A well-made crème brûlée is a lesson in the beauty of contrast. A sheet of burnt sugar that shatters helplessly with the gentle prod of a spoon, going on to reveal soft, creamy custard that yields with ease – this delicate French dessert brings together two distinctly different textures in a passionate marriage!
While the classic eggs-and-cream version is pretty darn delicious on its own, a number of establishments in the city have come up with interesting experiments with the custard. Take for instance, Incognito Restaurant Bar & Cafe’s fruity take, which has the caramel crackling, topped with an extra layer of blueberry compote, which adds a tangy dimension to the otherwise all-sweet flavour. Similarly, Polka Dots serves this traditional French-origin pudding with an orange cointreau coulis, the heady, citrusy notes of which will take anyone with a sweet-and-sour tooth to their happy place.
Terttulia clearly has a soft spot for the crème brûlée for, it has not only incorporated it into their French toast (think deep-fried egg-smeared slices of bread, thinly coated with burnt caramel, and topped either with crispy bacon rashers or grilled sausages), but also in the cheesecake. For, why choose between two desserts when you can combine them into one decadent treat? A lush and toasty cover gently splits open into a satiny smooth cream cheese filling which sits on a crusty base of biscuit crumbs – obscenely sinful, methinks.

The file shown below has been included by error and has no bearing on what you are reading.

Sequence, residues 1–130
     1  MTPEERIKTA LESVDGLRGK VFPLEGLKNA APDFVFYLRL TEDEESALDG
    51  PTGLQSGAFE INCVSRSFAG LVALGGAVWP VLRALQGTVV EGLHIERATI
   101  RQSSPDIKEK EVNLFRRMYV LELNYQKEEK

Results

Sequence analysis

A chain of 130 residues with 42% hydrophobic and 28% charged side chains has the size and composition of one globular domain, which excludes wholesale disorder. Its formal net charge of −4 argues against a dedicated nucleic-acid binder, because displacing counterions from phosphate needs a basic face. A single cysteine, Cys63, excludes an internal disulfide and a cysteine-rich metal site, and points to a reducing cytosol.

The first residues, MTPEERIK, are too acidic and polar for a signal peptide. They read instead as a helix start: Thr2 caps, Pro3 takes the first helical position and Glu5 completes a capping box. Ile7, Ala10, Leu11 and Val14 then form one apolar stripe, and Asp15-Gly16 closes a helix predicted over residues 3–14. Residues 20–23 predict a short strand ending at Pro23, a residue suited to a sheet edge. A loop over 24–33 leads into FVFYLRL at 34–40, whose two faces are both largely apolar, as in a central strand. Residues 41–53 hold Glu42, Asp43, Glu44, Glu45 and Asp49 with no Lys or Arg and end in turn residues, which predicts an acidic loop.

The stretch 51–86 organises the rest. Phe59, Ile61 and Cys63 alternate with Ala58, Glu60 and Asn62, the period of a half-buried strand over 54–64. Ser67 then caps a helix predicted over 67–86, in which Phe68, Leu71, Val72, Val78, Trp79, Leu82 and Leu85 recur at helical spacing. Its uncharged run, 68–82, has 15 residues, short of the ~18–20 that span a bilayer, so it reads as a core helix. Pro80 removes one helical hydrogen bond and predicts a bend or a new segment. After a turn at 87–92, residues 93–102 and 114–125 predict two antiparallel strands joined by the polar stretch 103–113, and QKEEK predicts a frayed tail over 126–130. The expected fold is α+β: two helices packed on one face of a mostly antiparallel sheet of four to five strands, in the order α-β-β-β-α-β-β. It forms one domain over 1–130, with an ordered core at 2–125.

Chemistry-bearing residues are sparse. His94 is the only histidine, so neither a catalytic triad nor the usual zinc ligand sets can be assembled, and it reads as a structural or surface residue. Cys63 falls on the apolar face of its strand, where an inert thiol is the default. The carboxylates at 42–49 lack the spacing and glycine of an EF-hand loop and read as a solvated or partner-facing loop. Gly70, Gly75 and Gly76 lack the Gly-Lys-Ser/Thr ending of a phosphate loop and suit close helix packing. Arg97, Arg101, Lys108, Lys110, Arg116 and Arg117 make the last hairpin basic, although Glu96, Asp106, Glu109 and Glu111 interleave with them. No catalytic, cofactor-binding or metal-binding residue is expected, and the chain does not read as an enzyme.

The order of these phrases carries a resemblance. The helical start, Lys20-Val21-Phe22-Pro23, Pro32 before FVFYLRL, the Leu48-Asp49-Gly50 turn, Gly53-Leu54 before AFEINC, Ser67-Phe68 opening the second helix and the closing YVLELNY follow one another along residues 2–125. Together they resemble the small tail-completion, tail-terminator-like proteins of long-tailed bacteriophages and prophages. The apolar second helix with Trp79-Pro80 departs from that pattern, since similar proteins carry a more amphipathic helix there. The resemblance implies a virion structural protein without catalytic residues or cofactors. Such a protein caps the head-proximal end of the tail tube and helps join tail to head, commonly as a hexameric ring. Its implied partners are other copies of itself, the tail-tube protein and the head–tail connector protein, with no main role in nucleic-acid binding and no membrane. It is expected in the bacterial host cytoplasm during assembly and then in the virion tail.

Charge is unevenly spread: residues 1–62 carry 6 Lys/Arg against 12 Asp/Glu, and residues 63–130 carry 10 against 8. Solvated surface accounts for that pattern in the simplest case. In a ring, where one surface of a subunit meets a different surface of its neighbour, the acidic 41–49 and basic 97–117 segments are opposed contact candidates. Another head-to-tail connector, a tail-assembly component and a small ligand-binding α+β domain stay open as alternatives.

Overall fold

YOLO Gastro Bar does a bittersweet espresso crème brûlée, featuring a hard sugar crust that breaks open to expose rich, coffee-flavoured custard that can be scooped along with the caramel splinters for a delectable mouthful. 212 All Day Café & Bar, meanwhile, has spongy bits of raisins dunked into a rum-infused custard, the intoxicating essence of which can be experienced with every bite of the crème brûlée.
The rendition at Eighty Eight, the 24-hour coffee shop at Hyatt, is a feast for both the eyes and tastebuds. The vanilla-flavoured crème brûlée here is accompanied with a mellow pineapple compote and melt-in-the-mouth coconut ice cream that tones down the overall sweetness level of the dish – beautifully conceptualised and executed.
My favourite in this lot, however, would be the absolute culinary genius that is observed in the ‘gulab jamun brûlée’ at Donkey’s Arse, which puts a sophisticated French spin to a beloved desi mithai. So, you have these warm, syrup-soaked fried mawa dumplings nestled in vanilla custard which is again capped with the quintessential golden-brown scorched sugar glaze we all love to crack open.